Criticism from officials in Martha’s Vineyard

The transfer of the migrants also sparked an outcry from elected officials in the Martha’s Vineyard area.

Massachusetts state Rep. Dylan Fernandes, a Democrat whose district includes Martha’s Vineyard, said in a Twitter post that DeSantis hatched the plan to “gain cheap political points” on Tucker Carlson’s Fox News program and “MAGA Twitter.” He also called DeSantis’ actions “depraved.”

According to FlightAware tracking, two Ultimate Air shuttles flew Wednesday morning from San Antonio to Crestview in Florida’s Panhandle before traveling north. One of the planes stopped in Charlotte, N.C., the other in Spartanburg, S.C., before reaching Martha’s Vineyard.

The Vineyard Gazette reported that island officials and volunteers quickly rallied to find temporary shelter for 48 migrants from Venezuela and Colombia. Numerous reports said the group included a dozen children.

Did DeSantis relocate people seeking refugee status?

One migrant told the Gazette he came from Venezuela to the U.S., traveling through Mexico, because of the situation in his home country.

“We went through 10 different countries until we got to Texas,” he said. “There a refugee association put us in a plane and told us there would be work and housing here. I feel good, despite everything. We spent four days in Texas so it’s good to be here.”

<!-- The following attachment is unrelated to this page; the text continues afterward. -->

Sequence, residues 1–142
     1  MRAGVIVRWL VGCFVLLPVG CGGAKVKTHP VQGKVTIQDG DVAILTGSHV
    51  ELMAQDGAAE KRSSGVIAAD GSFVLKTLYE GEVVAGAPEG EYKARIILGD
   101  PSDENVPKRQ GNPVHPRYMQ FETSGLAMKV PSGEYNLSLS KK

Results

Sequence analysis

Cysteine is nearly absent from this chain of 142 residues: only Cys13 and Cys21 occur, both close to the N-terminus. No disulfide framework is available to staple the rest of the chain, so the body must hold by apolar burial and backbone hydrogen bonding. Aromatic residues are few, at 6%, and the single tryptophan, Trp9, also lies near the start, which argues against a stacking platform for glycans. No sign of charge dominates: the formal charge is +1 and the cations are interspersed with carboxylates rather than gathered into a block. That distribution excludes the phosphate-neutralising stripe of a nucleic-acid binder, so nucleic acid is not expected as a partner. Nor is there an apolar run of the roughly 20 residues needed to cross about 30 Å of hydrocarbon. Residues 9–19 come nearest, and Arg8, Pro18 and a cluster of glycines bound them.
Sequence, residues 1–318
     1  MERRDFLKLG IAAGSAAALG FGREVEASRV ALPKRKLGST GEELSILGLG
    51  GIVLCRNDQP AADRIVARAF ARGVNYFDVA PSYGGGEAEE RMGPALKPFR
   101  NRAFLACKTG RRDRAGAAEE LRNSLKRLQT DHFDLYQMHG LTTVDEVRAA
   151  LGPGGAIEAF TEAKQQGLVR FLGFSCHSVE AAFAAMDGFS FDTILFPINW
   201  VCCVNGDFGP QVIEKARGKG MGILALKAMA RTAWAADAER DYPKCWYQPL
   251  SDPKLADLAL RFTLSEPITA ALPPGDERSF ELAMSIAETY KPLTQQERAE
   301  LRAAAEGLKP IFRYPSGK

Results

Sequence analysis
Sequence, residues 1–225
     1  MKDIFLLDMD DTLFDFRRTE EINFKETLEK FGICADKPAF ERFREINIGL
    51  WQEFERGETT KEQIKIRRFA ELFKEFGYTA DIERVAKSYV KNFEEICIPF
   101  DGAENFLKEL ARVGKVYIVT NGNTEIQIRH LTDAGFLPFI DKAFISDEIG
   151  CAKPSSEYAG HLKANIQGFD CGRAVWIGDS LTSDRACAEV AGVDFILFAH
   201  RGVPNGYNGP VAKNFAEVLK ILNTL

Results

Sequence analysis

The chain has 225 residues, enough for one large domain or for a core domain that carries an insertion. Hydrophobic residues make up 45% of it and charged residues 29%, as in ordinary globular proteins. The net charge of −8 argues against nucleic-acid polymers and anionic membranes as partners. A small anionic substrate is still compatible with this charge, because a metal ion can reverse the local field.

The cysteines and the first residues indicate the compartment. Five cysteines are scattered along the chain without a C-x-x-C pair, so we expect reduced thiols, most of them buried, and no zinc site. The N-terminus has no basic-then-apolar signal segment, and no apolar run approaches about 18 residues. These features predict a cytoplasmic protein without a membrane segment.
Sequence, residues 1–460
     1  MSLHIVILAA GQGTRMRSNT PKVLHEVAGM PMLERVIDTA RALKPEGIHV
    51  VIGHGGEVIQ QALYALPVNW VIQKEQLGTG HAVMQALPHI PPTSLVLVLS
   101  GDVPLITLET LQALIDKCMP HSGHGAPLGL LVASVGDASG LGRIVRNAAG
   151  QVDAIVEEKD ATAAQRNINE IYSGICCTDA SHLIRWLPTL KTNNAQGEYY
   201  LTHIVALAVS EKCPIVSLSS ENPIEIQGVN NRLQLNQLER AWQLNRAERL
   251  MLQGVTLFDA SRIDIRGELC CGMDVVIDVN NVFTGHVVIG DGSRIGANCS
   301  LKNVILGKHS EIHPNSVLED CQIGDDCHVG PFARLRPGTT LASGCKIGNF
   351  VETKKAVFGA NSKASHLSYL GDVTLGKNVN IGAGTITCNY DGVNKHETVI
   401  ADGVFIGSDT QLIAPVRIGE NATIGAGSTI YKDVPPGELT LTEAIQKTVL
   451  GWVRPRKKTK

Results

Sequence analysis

According to an NPR report, migrants interviewed in Martha’s Vineyard said they had recently crossed the border in Texas and were staying at a shelter in San Antonio, where they were approached by a woman named “Perla” with the prospects of flying to Boston for work papers.

DeSantis defends his actions

DeSantis, who is seeking re-election in November and is widely seen as a front-runner for the Republican presidential nomination in 2024, for months has threatened to send undocumented immigrants to other states.

The governor blasted his critics on Thursday.

“All those people in D.C. and New York were beating their chests when (Donald) Trump was president, saying they were so proud to be sanctuary jurisdictions, saying how bad it was to have a secure border,” DeSantis said. “The minute even a small fraction of what those border towns deal with every day is brought to their front door, they all of a sudden go berserk. And they’re so upset that this is happening. And it just shows their virtue signaling is a fraud.”

Who paid for the flights?

State lawmakers this year, at DeSantis’ request, tucked $12 million into the Department of Transportation’s budget for the “transport of unauthorized aliens from this state.”